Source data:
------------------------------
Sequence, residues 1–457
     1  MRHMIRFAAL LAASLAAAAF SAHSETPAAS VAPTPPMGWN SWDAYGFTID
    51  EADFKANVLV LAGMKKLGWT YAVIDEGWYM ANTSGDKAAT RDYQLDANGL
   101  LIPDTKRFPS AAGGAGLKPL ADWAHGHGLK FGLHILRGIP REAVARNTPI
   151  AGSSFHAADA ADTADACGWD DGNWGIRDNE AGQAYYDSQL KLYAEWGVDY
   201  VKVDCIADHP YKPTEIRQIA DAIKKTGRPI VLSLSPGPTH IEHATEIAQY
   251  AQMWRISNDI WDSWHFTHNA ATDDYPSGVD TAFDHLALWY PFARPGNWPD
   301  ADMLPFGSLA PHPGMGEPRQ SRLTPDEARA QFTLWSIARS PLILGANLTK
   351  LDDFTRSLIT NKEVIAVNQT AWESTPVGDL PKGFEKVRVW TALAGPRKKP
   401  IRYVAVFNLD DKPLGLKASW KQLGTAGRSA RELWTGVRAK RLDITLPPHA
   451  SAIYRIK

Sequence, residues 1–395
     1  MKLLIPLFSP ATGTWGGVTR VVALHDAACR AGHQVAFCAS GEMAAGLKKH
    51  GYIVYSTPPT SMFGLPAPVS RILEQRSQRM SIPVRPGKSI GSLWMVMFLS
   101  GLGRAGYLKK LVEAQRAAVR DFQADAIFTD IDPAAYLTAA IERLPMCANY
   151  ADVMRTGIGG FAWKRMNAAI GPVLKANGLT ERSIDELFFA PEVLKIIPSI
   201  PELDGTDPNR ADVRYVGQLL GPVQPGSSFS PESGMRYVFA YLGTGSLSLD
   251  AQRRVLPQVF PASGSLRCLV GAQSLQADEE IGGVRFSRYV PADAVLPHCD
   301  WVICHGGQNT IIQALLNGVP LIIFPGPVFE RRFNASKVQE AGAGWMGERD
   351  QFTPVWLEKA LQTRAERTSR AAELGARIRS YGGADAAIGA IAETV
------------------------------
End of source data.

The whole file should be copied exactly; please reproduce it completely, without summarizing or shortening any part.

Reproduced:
Sequence, residues 1–457
     1  MRHMIRFAAL LAASLAAAAF SAHSETPAAS VAPTPPMGWN SWDAYGFTID
    51  EADFKANVLV LAGMKKLGWT YAVIDEGWYM ANTSGDKAAT RDYQLDANGL
   101  LIPDTKRFPS AAGGAGLKPL ADWAHGHGLK FGLHILRGIP REAVARNTPI
   151  AGSSFHAADA ADTADACGWD DGNWGIRDNE AGQAYYDSQL KLYAEWGVDY
   201  VKVDCIADHP YKPTEIRQIA DAIKKTGRPI VLSLSPGPTH IEHATEIAQY
   251  AQMWRISNDI WDSWHFTHNA ATDDYPSGVD TAFDHLALWY PFARPGNWPD
   301  ADMLPFGSLA PHPGMGEPRQ SRLTPDEARA QFTLWSIARS PLILGANLTK
   351  LDDFTRSLIT NKEVIAVNQT AWESTPVGDL PKGFEKVRVW TALAGPRKKP
   401  IRYVAVFNLD DKPLGLKASW KQLGTAGRSA RELWTGVRAK RLDITLPPHA
   451  SAIYRIK

Sequence, residues 1–395
     1  MKLLIPLFSP ATGTWGGVTR VVALHDAACR AGHQVAFCAS GEMAAGLKKH
    51  GYIVYSTPPT SMFGLPAPVS RILEQRSQRM SIPVRPGKSI GSLWMVMFLS
   101  GLGRAGYLKK LVEAQRAAVR DFQADAIFTD IDPAAYLTAA IERLPMCANY
   151  ADVMRTGIGG FAWKRMNAAI GPVLKANGLT ERSIDELFFA PEVLKIIPSI
   201  PELDGTDPNR ADVRYVGQLL GPVQPGSSFS PESGMRYVFA YLGTGSLSLD
   251  AQRRVLPQVF PASGSLRCLV GAQSLQADEE IGGVRFSRYV PADAVLPHCD
   301  WVICHGGQNT IIQALLNGVP LIIFPGPVFE RRFNASKVQE AGAGWMGERD
   351  QFTPVWLEKA LQTRAERTSR AAELGARIRS YGGADAAIGA IAETV